It’s a fine way to inaugurate the new building and mark the composer’s 75th year.
The Corridor, like a late Samuel Beckett playlet, encapsulates a moment of human experience in a potent slice of stage poetry, combining text, imagery and the majesty of Birtwistle’s mature style. Here the fragment of time is the moment when Orpheus turns back to look at his lost wife. The elliptical poem by David Harsent, as worthy of study in itself as last year’s The Minotaur, stings like a snake on the heel.
As with Beckett’s Footfalls, a woman operates within the confines of a strip of light, a corridor of the mind, but with the difference that here she can step out of the contained space and comment on the action. At these points, the textures resemble an earlier Harsent-Birtwistle collaboration, The Woman and the Hare, and soprano Elizabeth Atherton handles the spoken text particularly well.
Birtwistle tells us that the opera (described as “a scena for soprano, tenor and six instruments”) evolved from an image of a woman in a corridor. Surprisingly, given the composer’s obsession with this particular Greek legend, it was only latter she developed into Eurydice. Orpheus (an increasingly agitated but sweet-toned Mark Padmore) also stands outside the action (in the script, he’s “offstage”, although seen by the audience). The other protagonists are the musicians, six of the London Sinfonietta’s best, permanently on display. Cast as Five Shades, they are as much a physical element as the main duo, with moments of direct interaction with the soprano.
In a pre-concert talk, Birtwistle said in another life he’d want to spend all his time working on chamber theatre on this scale. Hopefully, there’s enough time in this one for him to explore the form further. The Corridor is doubled with Semper Dowland, semper dolens, six songs and Birtwistle’s barely-discernible realisations of a set of subtly varying pavanes by the Elizabethan John Dowland.
With expressive choreography by Rachel Lopez de la Nieta, it’s a meditation on melancholy, which benefits enormously from the luxury teamwork of director Peter Gill and designer Alison Chitty. Attendees will find their own echoes between the two works, with Padmore’s anguished song accompanied by harp alone in both and the theme of love and loss running through the entire evening.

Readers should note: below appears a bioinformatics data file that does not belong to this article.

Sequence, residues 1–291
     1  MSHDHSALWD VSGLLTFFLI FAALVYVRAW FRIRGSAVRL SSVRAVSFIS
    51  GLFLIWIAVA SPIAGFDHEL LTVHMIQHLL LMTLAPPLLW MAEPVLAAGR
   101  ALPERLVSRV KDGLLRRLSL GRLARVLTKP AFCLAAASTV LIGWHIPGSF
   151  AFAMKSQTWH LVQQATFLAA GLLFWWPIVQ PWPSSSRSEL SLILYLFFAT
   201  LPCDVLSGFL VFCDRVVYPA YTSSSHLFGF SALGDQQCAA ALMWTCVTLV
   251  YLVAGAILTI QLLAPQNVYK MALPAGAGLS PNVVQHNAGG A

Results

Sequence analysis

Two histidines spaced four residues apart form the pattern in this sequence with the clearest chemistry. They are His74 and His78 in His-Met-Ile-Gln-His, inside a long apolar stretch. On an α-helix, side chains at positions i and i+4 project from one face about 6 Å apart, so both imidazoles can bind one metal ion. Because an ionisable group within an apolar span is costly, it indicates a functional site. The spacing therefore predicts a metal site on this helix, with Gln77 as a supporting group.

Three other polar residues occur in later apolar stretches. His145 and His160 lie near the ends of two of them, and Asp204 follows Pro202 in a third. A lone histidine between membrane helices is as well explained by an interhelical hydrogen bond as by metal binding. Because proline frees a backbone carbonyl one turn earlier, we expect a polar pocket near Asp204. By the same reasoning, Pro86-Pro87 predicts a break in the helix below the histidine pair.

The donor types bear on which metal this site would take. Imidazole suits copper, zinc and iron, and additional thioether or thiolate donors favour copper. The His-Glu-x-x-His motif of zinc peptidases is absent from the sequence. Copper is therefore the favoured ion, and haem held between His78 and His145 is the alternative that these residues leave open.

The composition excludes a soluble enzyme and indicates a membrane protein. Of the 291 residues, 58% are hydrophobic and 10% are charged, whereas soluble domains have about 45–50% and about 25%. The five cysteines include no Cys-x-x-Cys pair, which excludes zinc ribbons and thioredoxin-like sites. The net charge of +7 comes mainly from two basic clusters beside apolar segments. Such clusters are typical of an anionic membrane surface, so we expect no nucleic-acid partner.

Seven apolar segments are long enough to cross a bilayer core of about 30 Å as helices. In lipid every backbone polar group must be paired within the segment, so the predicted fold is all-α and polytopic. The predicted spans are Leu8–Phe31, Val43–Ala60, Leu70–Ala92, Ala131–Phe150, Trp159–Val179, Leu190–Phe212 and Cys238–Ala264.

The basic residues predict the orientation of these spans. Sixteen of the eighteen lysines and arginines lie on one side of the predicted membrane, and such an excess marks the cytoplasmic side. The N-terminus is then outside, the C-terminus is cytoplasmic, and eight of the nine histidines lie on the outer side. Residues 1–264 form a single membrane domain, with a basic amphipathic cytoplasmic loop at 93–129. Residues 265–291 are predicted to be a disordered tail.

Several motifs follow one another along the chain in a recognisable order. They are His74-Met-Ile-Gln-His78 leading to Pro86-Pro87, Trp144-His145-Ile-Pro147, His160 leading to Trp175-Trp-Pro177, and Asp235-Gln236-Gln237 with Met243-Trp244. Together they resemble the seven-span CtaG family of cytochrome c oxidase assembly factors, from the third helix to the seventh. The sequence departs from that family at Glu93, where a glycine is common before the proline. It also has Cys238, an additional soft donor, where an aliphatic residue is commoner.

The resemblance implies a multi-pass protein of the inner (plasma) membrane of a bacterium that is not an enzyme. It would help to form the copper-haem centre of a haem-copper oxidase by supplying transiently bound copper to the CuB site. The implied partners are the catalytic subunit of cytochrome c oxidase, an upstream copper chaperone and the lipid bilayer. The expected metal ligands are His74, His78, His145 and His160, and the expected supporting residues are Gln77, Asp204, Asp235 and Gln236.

The second day of the festival opened with a concert in Aldeburgh Church which saw Birtwistle himself conduct his songs on texts by Paul Celan (the original three White and Light, Tenebrae and Night – plus With Letter and Clock). These exquisite settings benefit from being presented alone, the extended version (nine songs and nine movements for quartet) that make up Pulse Shadows too vast and indigestible for even some hardline fans of the composer. The excellent Claire Booth sang them, with a concentrated eye flitting continually between score and conductor.
The Aubades and Nocturnes, instrumental interludes from The Io Passion, on the contrary, could have done with some theatrical context, proving a little too sparse and austere as stand-alones. It’s high time this theatre piece was revived in full. It was good to hear the solo harp work Crowd performed for a second time in a fortnight, here played with great beauty and expression by Lucy Wakeford. The London Sinfonietta, such great champions of this repertoire, excelled once more in a delightfully balanced programme which included Britten’s Suite for Harp and a flowing Introduction and Allegro by Ravel.
There are three further performances of The Corridor/Semper Dowland at Snape, before the double bill arrives in London (Queen Elizabeth Hall, 6-7 July). Birtwistle is represented in a number of other concerts over the festival fortnight. Full details at www.aldeburgh.co.uk